I was at a conference while she stayed home. When I returned I tried and tried to tell her of this wonderful conference! Though she tried to understand how I would personally experience that she really could not. She wasn’t there and even if she was, she would have experienced it differently. She would add to my experience but she could not see it through my eyes or hear it through my ears. How lonely is that for me? LIFE is lonely!
      But no. There was someone at the conference who saw through my eyes, heard through my ears and knew intimately how my heart thrilled at all I learned there! It was Jesus. He alone ends my loneliness as I shared and share even now that conference with Him. He alone understands me like even I don’t understand myself. How satisfying is that? It is why He told the woman at the well that He gives living water to make us never thirst again. Never to want a human being to satisfy our deeper loneliness…

  • Alan Gingery

    Will, this post was incredibly well written. I think you got everything right, especially the idea that our cultural view is that if you aren’t married, you are somehow unfulfilled. That idea (which is popularly accepted) is absolute garbage. I am married and I do find my marriage and fatherhood fulfilling, but these family relationships only go so far in meeting my needs. I need God. I need my friends. I need my church family. YOB is part of my community.

    All human relationships fail us at times. Not that we should quit on them, just realize that our ultimate fulfillment comes from God. And God provides all that we need through community. And community can be family and friends.

    Celibacy is not an incurable disease…it can be a blessing to those who embrace it and seek community and deep fellowship with God.

  • When I think about loneliness, I know it was the first condition in the creation of humanity wherein God looked at it, interrupting the consistence of all that God had said was “good” in his creation, and then suddenly acknowledges, “it is not good for the man to be alone.” God was obviously speaking specifically of that loneliness in human connection, companionship, and interactions, because Adam had not fallen into sin yet, and God himself was present in the Garden, in face-to-face fellowship and communion with Adam. Then, of course we know that Eve was created.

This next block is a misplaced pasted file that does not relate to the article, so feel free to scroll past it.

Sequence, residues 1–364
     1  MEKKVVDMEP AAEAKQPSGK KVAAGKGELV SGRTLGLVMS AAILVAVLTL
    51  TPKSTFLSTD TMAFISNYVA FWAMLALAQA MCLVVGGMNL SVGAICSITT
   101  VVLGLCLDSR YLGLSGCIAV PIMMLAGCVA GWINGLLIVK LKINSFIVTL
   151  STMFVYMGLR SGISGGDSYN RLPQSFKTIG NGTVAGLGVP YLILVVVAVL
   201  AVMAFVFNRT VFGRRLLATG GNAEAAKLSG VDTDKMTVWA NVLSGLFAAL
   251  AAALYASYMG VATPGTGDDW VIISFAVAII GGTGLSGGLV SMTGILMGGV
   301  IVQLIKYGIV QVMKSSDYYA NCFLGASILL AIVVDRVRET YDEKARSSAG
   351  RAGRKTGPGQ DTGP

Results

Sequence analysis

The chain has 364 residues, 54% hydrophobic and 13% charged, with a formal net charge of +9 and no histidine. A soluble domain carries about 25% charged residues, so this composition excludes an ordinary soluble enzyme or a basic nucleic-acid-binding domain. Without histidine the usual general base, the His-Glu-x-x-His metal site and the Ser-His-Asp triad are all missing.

One could go off on all sorts of different tangents from this point in Scripture, to try and prove or disprove any number of different theologies with regard to human companionship. But that is not my focus in saying any of this. My focus is that God himself acknowledges the pain that exists for us in a lack of human companionship, even while God himself is present in unbroken fellowship with us! And that is pretty incredible and deeply spiritual, especially when I think about how much God himself loves each one of us.

    Suffice to say that sexual intimacy does not, in and of itself, define all of human intimacy and connection. And for that realization within my own humanity, I applaud Will for making the faith-based choices that he has, regarding celibacy. I applaud the honest bravery it takes any true follower of Christ to actually deny “self” daily, and truly pick up a cross like this of our own, in order to follow Christ in biblical truth. And quite frankly, it’s also deeply inspiring to my own faith in Christ.

    Our testimonies are similar, and there are still a whole lot of things that I don’t have figured out yet. And Will is right… Presupposition influences our interpretation. But the Spirit of Christ will always speak with a single-minded voice to us, as long as we do keep our eyes on the heavenward calling for which Jesus redeemed us all to himself.

    By the way, Will, I’ve been to many places throughout our world, and two men holding hands is a “taboo” of Western Culture, rather than a manifestation of biblically defined homosexual sin. And it is a presupposition of our Western Culture to assume that two men who do so must be “gay.” The reality of it, however, is that it is a non-sexual, not-erotic form of male intimacy that is openly shared between many men of other cultures, throughout our world… and for the record, I think “that” is a beautiful thing!

    http://www.beyondtheshadesofgray.org